Lagos confirms death of 20 children from measles

vaccination exercise
vaccination exercise [Photo: News Express NG]

The Lagos State government, on Monday confirmed that measles was responsible for the death of 20 children in Otodo-Gbame community in Ikate, Lekki area of the state.

The state commissioner for Health, Jide Idris, confirmed the development at a news conference in Lagos.

According to him, results of the laboratory investigations confirmed that measles virus was the cause of the epidemic of the Febrile Rash Illness (FRI) as the condition was initially described.

“All the five blood samples taken to the Central Public Health Laboratory, Yaba, tested positive for IgM, a blood marker for recent infection with measles virus.

“In addition, four throat swabs and one blood sample investigated at the Virology Reference Laboratory, Lagos University Teaching Hospital (LUTH), indicated the presence of measles virus through Polymerase Chain Reaction (PCR) technique,” he said.

Mr. Idris said children from the affected community had missed out during the previous measles immunisation.

“This is due to mass emigration to Lagos from neighbouring states; several new communities had emerged and settled in some rural far-to-reach areas in the state.

“This is without the knowledge of the state government and because the areas are unplanned, there may not be proper potable water supply for drinking and toilet facilities for urination and defecation.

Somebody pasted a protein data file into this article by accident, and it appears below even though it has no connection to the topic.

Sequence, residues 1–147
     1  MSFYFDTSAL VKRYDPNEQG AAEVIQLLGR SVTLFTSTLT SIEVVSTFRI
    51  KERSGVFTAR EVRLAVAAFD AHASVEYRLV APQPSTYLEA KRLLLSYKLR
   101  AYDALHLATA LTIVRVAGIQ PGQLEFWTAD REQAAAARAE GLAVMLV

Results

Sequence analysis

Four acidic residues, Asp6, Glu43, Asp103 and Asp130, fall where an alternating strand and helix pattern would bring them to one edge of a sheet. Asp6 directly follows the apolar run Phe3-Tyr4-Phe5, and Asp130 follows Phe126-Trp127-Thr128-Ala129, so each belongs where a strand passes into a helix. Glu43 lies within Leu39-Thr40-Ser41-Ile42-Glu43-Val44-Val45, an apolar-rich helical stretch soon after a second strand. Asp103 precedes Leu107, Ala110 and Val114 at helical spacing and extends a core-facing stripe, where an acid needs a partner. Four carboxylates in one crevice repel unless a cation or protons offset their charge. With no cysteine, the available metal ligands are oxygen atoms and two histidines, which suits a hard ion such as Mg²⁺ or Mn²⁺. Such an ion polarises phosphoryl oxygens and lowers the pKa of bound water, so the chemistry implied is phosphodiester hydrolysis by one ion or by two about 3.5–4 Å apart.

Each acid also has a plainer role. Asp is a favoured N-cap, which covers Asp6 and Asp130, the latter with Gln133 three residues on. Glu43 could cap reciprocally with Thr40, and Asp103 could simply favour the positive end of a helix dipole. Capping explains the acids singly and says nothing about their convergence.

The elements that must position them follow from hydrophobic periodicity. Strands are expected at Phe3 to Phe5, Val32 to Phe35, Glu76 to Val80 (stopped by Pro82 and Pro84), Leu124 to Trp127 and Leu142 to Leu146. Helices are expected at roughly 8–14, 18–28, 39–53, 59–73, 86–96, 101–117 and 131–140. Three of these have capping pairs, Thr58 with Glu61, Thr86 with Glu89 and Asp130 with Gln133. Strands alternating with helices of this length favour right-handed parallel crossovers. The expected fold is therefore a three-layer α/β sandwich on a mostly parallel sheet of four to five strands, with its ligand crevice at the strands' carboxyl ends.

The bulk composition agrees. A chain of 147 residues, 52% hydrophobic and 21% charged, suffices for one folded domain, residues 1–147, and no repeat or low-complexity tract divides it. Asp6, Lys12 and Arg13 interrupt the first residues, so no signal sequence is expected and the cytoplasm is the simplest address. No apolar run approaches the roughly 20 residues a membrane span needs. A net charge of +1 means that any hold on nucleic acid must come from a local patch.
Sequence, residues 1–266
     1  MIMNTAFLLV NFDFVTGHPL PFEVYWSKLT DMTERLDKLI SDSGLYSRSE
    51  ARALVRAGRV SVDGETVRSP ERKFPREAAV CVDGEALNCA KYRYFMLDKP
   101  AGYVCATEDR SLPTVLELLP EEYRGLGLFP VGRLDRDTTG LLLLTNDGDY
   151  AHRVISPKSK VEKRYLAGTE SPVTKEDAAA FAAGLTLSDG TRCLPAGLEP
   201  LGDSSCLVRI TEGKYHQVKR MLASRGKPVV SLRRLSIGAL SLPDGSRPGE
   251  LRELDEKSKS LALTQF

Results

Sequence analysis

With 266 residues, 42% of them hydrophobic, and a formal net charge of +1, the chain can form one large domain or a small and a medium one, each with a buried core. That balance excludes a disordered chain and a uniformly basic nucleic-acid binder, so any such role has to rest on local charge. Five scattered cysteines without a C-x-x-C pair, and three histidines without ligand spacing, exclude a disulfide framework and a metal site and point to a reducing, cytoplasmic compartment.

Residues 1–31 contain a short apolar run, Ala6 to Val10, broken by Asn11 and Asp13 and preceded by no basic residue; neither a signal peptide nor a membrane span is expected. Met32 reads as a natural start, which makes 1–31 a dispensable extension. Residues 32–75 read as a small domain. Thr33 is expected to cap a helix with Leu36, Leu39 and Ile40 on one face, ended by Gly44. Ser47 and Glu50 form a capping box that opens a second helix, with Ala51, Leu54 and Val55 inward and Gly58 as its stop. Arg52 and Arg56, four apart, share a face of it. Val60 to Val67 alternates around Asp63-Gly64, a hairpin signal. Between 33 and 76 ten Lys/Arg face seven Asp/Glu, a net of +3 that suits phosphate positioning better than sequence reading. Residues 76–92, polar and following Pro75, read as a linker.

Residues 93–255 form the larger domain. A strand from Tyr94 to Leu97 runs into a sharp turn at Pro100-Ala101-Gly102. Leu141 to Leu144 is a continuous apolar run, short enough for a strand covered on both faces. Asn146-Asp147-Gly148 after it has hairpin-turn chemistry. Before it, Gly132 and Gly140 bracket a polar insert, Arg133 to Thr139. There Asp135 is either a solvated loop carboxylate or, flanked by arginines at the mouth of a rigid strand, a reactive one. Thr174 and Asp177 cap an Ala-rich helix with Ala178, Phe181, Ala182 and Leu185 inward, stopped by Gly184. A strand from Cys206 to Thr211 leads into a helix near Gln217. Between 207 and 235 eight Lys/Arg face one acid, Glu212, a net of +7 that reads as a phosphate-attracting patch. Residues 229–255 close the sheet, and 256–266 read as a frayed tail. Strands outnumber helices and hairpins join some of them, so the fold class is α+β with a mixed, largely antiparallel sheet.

“Besides, there are several cases of open defecation in the area and the only source of drinking water was contaminated with bacteria, resulting in both infection and spread of diseases.

“However, during the last measles vaccination that took place nationwide, children in that area were later covered and appropriately immunised,” he said.

The commissioner said all 34 cases managed by the government health workers had fully recovered.

He said, however, that intensive surveillance and community sensitisation would continue.

“The state government is conducting mapping of all slum areas in the state toward reducing the health hazards associated with such areas.

“All citizens should continue to practise health promotion and disease prevention measures including basic environmental sanitation, proper disposal of refuse and avoiding open defecation.

“Practise regular hand washing with soap; all pregnant women should attend antenatal care, while all children should be immunised against deadly vaccine-preventable childhood diseases,” he said.

The disease, which broke out in January 2016, had led to panic in the community.

NAN also reports that the affected children, after contracting the ailment, developed rashes and died two or three days after.


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